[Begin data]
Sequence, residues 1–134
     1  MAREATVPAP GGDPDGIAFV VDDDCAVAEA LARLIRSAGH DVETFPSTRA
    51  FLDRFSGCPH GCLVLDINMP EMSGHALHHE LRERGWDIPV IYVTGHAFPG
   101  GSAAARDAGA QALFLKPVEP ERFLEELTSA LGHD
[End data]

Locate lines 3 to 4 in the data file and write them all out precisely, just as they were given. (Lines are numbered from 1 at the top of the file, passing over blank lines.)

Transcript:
    51  FLDRFSGCPH GCLVLDINMP EMSGHALHHE LRERGWDIPV IYVTGHAFPG
   101  GSAAARDAGA QALFLKPVEP ERFLEELTSA LGHD